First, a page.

If you’ve read this far, thanks for your interest in this discussion. I suspect we’re all trying to make better pictures, whatever that might mean. I don’t claim to be “right” or “better”… I just like to stir the pot with ideas and a different way of looking at things. I hope everyone posts a thought of their own here as well.

Ed Kunzelman

PSA Competition Discussion #2

These are the judges comments for Debbie’s photograph “The Eyes of Innocence.”

Agree? Disagree? Without a TMCC meeting this month, this is a great opportunity to connect with other club members. Share your comments and keep the discussion going!

Picture as submitted…

Edited for discussion….

My comments:

Consensus among the judges is that the picture could be cropped from the left. I agree – I like a square crop in pictures like this. I also agree that the eyes have kind of a hypnotic effect… which makes me wonder if they shouldn’t be a little brighter? The colors of the whole picture are muted. Maybe that was the photographer’s intent… kind of gives a pastel or watercolor feel to the image. But let’s look at another option.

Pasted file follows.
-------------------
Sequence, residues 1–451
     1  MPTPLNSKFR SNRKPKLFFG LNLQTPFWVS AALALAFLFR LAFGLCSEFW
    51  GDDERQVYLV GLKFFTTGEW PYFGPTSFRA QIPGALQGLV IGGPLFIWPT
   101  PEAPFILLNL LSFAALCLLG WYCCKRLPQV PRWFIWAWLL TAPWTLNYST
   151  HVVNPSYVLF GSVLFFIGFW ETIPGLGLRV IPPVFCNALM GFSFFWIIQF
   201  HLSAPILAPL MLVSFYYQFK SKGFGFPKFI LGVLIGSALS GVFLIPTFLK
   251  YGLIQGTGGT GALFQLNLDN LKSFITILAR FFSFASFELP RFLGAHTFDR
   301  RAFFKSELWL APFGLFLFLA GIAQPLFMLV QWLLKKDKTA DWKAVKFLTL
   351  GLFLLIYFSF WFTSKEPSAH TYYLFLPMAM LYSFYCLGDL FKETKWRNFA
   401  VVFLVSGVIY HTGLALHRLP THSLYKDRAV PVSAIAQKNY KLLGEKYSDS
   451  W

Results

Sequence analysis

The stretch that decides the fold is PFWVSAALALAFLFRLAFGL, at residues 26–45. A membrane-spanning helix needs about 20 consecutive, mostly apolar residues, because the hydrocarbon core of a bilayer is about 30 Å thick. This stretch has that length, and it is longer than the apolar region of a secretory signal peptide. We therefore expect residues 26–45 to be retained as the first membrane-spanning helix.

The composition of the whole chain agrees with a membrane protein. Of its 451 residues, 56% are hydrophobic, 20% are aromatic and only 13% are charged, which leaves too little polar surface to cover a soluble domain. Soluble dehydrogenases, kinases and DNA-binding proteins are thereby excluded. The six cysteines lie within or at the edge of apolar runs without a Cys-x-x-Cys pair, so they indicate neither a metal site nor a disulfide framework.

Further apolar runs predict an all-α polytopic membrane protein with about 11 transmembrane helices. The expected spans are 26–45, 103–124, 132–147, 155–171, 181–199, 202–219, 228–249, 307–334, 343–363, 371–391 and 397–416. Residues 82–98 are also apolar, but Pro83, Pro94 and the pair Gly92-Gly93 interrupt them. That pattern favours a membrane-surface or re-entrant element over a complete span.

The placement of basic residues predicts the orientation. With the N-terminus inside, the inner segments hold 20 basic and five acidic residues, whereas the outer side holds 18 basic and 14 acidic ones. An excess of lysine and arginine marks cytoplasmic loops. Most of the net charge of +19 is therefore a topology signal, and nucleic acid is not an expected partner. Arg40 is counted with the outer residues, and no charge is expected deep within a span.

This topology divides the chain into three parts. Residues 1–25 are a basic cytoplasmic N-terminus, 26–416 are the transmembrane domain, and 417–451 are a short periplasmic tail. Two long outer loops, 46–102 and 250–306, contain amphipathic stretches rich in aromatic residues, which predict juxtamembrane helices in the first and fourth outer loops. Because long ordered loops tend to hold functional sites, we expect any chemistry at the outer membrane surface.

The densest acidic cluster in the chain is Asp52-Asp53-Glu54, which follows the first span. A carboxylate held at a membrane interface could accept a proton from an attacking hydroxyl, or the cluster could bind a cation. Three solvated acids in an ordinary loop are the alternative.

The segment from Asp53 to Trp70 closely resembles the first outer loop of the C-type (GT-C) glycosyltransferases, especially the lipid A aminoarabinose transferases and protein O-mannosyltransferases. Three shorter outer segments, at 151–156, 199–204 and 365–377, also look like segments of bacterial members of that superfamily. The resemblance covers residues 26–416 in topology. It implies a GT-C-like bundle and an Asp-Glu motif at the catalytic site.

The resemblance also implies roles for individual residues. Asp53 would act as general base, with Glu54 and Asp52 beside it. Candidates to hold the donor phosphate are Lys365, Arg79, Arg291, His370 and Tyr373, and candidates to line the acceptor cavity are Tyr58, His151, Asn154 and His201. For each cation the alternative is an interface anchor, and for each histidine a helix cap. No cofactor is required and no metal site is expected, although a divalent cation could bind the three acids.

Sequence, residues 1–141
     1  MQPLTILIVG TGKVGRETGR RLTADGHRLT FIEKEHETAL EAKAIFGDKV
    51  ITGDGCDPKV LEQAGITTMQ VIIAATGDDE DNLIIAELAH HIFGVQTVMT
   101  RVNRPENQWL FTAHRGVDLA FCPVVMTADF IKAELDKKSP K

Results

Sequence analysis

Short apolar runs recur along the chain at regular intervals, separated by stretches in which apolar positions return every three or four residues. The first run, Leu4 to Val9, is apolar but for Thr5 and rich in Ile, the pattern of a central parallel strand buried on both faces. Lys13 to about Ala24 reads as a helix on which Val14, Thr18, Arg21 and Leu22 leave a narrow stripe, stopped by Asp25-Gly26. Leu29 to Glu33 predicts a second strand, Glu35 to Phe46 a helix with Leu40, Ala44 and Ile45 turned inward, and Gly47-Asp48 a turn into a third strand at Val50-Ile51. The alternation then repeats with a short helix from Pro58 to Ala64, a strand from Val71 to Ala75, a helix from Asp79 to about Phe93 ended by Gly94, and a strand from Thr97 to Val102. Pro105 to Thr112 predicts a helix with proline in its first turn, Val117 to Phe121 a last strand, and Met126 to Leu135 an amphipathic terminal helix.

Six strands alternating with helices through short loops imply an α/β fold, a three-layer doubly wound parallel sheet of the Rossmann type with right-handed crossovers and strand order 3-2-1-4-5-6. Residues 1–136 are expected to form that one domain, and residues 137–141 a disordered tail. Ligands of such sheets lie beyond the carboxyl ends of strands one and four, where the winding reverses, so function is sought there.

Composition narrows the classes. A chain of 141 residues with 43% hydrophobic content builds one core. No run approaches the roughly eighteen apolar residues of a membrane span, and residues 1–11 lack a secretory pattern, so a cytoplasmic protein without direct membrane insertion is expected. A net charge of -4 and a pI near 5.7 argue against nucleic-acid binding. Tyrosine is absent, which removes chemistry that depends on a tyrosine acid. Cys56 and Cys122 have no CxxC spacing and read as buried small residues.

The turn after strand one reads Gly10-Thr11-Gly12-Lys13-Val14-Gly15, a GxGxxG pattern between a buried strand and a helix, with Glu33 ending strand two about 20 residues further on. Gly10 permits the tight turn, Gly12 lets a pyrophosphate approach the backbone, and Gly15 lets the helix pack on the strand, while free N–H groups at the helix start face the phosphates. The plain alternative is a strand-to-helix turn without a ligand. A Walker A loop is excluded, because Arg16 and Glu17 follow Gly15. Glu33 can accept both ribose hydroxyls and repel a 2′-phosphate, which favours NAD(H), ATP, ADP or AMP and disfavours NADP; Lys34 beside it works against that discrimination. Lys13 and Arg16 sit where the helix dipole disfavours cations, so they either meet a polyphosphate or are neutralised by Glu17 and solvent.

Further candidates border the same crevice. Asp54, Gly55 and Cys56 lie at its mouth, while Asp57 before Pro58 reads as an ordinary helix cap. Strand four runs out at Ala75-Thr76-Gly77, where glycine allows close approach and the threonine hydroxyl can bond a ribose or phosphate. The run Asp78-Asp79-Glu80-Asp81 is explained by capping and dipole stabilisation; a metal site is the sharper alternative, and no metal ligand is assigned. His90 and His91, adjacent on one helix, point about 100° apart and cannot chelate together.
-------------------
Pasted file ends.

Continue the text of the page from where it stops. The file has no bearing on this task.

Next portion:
In the edited version, I’ve increased the saturation and contrast in the eyes. Overall saturation is an easy edit. For the eyes, in Photoshop I made a selection using the lasso tool. The lasso tool probably dates to the first version of Photoshop, but I still use it for a selection technique more than any other. In this case, I drew a freehand circle, just beyond the whites in the black circle around their eyes, feathered the selection one pixel, and then lightened the eyes. In Photoshop Levels, I scooted the highlight slider on the right from 255 to about 190. That lightens the brighter areas of the selection without changing the darker areas…. effectively increasing contrast. It’s important to do that just within the selection area containing the eyes though, otherwise brightening the background has an adverse effect on the picture. In fact, learning to work selectively on individual colors, elements or tonal ranges is a key ingredient of image editing.

Ed Kunzelman

 

PSA Competition Discussion #1

These are the judges comments for Angela’s photograph “Grand Mesa Fall”…

Picture as submitted…

Edited for discussion….

My comments: